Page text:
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One in three Americans refuse to get the free COVID-19 vaccine.



Lisa Taylor received the COVID-19 vaccine from RN Jose Muniz when she joined a vaccine study at the American Research Center on August 7, 2020 in Hollywood, Florida.
Lisa Taylor received the COVID-19 vaccine from RN Jose Muniz when she joined a vaccine study at the American Research Center on August 7, 2020 in Hollywood, Florida.
Image Joe Raedle / Getty

As coronavirus deaths in the United States cross the 160,000 mark, a new poll shows that even with a safe and effective vaccine many Americans will still refuse to get the shot. According to a Gallup poll, if a vaccine approved by the Food and Drug Administration was provided free of charge, 35% of Americans said they would not get the vaccine, according to a poll. by Gallup. And the people who refuse the vaccine are more likely to be Republicans. While 81% of Democrats said they would get the vaccine if there was a free, FDA-approved vaccine, only 47% of Republicans said the same. Independent people stand between the two groups, with 59% saying they will accept the vaccine.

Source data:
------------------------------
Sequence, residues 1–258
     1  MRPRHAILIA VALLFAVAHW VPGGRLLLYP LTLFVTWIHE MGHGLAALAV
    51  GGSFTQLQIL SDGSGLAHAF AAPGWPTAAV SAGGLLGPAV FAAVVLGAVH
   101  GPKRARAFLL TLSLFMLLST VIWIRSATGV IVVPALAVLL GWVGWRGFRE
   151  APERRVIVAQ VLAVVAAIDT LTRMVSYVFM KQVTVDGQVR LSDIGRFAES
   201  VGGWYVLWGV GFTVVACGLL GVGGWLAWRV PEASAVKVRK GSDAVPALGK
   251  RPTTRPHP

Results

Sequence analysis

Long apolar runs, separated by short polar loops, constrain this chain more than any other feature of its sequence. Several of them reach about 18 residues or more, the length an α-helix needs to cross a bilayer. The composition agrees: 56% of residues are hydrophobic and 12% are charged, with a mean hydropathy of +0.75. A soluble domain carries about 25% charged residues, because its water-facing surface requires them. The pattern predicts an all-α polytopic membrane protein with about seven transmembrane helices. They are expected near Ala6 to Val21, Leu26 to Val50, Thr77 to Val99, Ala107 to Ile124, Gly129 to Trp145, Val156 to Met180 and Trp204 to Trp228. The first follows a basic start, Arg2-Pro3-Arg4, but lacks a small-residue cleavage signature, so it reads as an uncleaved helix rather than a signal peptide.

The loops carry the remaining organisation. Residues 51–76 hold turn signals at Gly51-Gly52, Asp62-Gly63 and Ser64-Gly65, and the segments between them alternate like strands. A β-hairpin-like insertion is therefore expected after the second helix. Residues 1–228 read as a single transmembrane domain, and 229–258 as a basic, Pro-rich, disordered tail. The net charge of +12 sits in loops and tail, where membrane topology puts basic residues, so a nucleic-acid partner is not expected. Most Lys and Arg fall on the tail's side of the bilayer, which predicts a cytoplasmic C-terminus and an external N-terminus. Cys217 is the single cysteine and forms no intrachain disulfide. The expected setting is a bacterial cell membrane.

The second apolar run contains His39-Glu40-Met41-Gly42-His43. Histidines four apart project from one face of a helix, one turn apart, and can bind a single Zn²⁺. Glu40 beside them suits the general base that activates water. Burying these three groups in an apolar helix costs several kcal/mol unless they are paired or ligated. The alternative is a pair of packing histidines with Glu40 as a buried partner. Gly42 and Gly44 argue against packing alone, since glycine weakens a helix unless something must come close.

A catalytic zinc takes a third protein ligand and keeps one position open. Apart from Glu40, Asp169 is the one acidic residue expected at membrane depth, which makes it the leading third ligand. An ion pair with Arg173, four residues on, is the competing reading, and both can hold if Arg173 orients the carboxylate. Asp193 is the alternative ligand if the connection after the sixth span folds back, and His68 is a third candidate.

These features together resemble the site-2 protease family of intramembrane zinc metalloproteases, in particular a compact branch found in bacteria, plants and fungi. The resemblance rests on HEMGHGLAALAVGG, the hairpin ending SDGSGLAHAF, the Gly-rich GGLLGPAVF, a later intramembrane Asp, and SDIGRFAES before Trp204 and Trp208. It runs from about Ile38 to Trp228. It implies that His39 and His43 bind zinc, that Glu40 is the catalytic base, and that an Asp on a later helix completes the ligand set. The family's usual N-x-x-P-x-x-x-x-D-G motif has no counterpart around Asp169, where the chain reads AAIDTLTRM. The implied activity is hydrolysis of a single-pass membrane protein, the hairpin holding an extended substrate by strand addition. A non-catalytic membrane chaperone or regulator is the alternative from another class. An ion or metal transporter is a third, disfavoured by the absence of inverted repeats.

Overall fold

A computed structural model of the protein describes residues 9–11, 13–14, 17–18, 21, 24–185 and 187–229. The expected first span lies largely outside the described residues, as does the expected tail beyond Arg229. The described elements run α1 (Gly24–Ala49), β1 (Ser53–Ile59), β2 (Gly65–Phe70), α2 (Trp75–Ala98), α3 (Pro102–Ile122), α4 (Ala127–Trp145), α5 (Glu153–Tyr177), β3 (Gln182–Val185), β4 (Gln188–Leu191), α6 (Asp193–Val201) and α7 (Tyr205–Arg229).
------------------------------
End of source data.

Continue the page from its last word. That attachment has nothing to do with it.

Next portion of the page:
Acceptance of a viable vaccine is higher than average in the young and the elderly, with 76% of those aged 18-29 and 70% saying they will get the vaccine. The people in the middle seem most reluctant with 59% of people between the ages of 50 and 64 saying they will accept the vaccine.

While the number might be surprising considering how COVID-19 has affected everyday life around the world, it still seems to be up from a few months ago. At the end of May, another poll found that only about half of Americans would definitely be vaccinated. The poll from the Associated Press-NORC Center for Public Affairs Research found that while 49% of Americans said they would be vaccinated, 20% said they wouldn’t and 31% said they were unsure. .

In the midst of the global race for vaccines, experts have carefully noted that even with a vaccine, it is likely not a silver bullet against coronavirus. Anthony Fauci, head of the National Institute of Allergy and Infectious Diseases, said the coronavirus vaccine was “98% effective is not great”. In a question and answer session with Brown University School of Public Health, Fauci said that the vaccine should not be seen as a perfect solution but rather “as a tool to make a pandemic disappear. pandemic, which becomes something that’s well-controlled. “The FDA says it can approve a vaccine as long as it is at least 50% effective.




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